I ate dinner at a restaurant called Ojena, which, in Burgos, Spain, is something of an institution, open for around a hundred years ago. I ordered the house speciality, something the region is know for: suckling lamb roasted in a wood fired oven.
Ojenda, with its white table cloths and black coated waiters, feels upscale, but on this Monday night the dining room was almost empty. The lights were bright and I was seated in an odd corner beside the entrance.
The service was friendly and prompt with lots of polite talk. The house red wine was light, dry and refreshing. When the food came I got exactly what I ordered, a big hunk of meat. My waiter brought the whole hind quarter of a kid lamb and asked, in Spanish, if I wanted it separated, which I did. He brought around a basket of bread rolls, from which you can choose liberally. The bread was fresh, the lamb was savory and tender enough to cut with a fork. If I had a second chance I would order the house soup and have something to pair it it with. At the end of the meal I ordered the house special again, the puff pastry cream cake, a layer upon layer of flat flakey pastry sandwiching a rich white cream. Delicious!
All together it came to about 40 Euros.
Fort Ward is a historic park in the city of Alexandria, Virginia. It was originally built to help defend Washington DC during the American Civil War. Today the park is a pleasant place to spend an afternoon. It has well preserved earth works, trails (paved and unpaved), and a small museum. There is a single lane road that makes a loop around the park with plenty of places to stop. There are picnic areas, tennis courts, public restrooms, a playground, wooded areas and open fields.
On our first trip we stopped in for a peak at the museum. It’s small with the usuial civil war era relics such as guns, uniforms and medical tools. We took a nice walk through the earthworks which are shady and not expansive. We took some time to fly our kite on a level field near the parking lot, and we took a drive around the loop road which skirts the perimeter. On an average day the park is not crowded and parking is easy. You have a number of lots to choose from.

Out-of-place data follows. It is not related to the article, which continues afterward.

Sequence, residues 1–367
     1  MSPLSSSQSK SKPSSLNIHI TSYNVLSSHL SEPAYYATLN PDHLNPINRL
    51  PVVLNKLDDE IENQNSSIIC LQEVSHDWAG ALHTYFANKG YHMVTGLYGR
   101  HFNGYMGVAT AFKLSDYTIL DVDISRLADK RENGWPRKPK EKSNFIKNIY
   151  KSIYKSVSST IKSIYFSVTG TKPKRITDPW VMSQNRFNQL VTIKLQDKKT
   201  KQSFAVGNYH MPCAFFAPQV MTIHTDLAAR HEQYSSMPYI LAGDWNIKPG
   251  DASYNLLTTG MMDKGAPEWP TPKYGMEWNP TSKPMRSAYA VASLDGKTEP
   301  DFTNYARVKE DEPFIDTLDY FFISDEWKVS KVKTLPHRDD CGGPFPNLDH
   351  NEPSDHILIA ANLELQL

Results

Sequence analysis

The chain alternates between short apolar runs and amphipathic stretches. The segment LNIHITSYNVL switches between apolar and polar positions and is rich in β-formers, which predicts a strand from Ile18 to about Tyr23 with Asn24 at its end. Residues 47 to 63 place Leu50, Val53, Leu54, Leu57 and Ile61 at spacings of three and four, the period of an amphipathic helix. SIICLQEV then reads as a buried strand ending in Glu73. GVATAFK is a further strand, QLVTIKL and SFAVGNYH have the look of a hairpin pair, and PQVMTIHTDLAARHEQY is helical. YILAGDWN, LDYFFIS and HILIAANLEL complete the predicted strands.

The fort is also used for special events. They regularly hold civil war and revolutionary war reenactments and have summer camps or other historically related events. Our second visit was the day before presidents day and the fort was holding a revolutionary war festival with troop encampments and a battle reenactment. This was fantastic.The reenactors really know their stuff. They go through incredible lengths to replicate authentic uniforms, gear and activities. They are easy to talk with and happy to answer questions.Watching the battle is amazing and informative. It’s also loud, so bring ear plugs. Both sides use realistic tactics from the war as the tide of soldiers ebbs and flows in an attempt to command the battlefield. For this event it was difficult to park inside the park, but there was plenty of street parking on Braddock road to accommodate the modest crowd.
The park is open during daylight hours
From 395 exit at King street and head South East to Braddock road. Take a right on Braddock and Fort Ward will be about a mile on your right.
From Old Town Alexandria head west on Braddock road, passing by the metro station. The fort will be about three miles on your right, shortly after you pass the intersection with King Street.